|Advanced Topics: Automating Tenup ||
When using Tenup, and especially when writing shell scripts that contain Tenup commands, it is important to effectively manage your session status. In some cases you will want to start a new session, while in others you will want to reuse a session. Tenup provides options for all these situations.
This section focuses on two options that will help you manage your Tenup sessions. But first, let's clarify what a session is exactly. When you login to 1010data you are assigned a unique session ID. This ID has many purposes, one of which is to make sure that a single username can't login to 1010data more than once at the same time. If you try to login to 1010data while you already have a session ID associated with your username, you have two options: terminate the existing session and start a new one, or possess the existing session.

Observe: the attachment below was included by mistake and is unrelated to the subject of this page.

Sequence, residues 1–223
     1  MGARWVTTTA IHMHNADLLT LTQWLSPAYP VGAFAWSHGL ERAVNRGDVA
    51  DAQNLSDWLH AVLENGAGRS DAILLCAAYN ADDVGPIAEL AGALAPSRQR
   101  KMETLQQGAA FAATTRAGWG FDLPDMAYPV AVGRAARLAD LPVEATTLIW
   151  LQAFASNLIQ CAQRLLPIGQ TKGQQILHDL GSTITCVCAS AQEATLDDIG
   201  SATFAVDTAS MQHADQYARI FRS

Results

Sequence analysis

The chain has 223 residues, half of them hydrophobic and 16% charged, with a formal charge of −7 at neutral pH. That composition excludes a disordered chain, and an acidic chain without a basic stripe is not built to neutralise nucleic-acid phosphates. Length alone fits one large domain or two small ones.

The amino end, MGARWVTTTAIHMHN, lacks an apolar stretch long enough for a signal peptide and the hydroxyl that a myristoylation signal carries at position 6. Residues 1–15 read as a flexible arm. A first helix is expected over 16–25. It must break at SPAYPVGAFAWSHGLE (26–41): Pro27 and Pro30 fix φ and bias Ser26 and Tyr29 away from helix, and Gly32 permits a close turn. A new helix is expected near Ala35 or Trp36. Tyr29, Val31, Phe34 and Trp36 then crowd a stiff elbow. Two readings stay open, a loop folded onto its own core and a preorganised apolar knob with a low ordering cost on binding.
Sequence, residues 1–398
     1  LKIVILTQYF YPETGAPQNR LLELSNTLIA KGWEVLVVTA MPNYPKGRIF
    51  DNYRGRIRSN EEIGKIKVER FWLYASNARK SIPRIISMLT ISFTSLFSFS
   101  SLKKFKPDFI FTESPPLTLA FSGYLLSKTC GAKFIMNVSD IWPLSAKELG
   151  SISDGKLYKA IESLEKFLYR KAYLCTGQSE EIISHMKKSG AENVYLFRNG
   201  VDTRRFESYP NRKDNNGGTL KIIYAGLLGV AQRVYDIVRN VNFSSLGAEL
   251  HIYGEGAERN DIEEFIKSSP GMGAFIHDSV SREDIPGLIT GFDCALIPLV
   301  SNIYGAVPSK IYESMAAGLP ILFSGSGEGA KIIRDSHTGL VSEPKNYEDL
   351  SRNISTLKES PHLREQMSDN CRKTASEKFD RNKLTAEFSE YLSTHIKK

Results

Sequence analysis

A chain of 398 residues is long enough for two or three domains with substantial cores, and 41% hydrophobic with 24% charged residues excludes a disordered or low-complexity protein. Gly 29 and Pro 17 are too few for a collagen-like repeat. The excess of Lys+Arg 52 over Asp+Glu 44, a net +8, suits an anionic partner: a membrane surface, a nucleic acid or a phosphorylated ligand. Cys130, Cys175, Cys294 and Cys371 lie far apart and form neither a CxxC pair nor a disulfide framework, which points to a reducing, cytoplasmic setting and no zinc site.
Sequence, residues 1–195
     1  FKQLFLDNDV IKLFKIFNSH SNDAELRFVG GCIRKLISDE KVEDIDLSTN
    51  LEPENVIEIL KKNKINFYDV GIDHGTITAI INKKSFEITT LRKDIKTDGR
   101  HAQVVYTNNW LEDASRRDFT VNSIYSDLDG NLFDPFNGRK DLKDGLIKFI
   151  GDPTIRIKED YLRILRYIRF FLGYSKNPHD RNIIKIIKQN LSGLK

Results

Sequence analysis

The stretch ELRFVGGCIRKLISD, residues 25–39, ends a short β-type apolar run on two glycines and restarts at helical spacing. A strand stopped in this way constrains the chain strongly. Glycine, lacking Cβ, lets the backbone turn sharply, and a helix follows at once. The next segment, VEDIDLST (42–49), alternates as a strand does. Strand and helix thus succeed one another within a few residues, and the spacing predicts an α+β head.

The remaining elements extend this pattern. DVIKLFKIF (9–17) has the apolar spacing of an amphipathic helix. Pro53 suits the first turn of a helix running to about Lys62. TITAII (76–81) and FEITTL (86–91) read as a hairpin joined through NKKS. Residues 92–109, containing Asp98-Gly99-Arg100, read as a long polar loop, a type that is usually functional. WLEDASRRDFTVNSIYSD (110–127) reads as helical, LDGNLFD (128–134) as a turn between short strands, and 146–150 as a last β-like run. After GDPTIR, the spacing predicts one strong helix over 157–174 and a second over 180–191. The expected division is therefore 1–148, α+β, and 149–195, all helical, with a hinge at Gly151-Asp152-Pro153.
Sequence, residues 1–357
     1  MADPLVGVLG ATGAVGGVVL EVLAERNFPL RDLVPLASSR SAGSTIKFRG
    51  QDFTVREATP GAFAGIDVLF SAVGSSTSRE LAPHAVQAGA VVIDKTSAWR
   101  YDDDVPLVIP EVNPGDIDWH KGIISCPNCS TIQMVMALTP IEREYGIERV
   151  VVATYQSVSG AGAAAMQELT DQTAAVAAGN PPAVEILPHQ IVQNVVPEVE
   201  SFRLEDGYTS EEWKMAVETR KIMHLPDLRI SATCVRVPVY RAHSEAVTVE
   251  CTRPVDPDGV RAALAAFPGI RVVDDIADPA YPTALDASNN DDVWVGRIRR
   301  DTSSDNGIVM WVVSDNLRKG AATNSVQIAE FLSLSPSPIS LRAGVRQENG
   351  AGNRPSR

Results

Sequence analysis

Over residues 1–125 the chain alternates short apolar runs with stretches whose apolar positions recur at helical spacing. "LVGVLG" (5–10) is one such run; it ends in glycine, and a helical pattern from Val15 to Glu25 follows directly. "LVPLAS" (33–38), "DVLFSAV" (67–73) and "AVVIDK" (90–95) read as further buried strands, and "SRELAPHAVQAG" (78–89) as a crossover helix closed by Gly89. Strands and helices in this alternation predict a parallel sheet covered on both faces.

Tenup allows you to resume a session by "posessing" it. To possess a session you will include the -K option in your Tenup command, as follows:
$ tenup64 -K -u [USERNAME] -C [CONNECTION_STRING] [PATH_TO_NEW_TABLE] @[QUERYFILE]
The command above will find the open session associated with your user ID and use it to load a new table with Tenup. An example of a shell script that uses this technique is provided later in this section.
$ tenup64 -k -u [USERNAME] [PASSWORD] -C [CONNECTION_STRING] [PATH_TO_NEW_TABLE] @[QUERYFILE]
$ tenup64 -k -L -u [USERNAME] -C [CONNECTION_STRING] [PATH_TO_NEW_TABLE] @[QUERYFILE]In this example we terminate any existing session that might be open, start a new session, load a table and stay logged in to 1010data after finishing.
$ tenup64 -K -l -u [USERNAME] -C [CONNECTION_STRING] [PATH_TO_NEW_TABLE] @[QUERYFILE]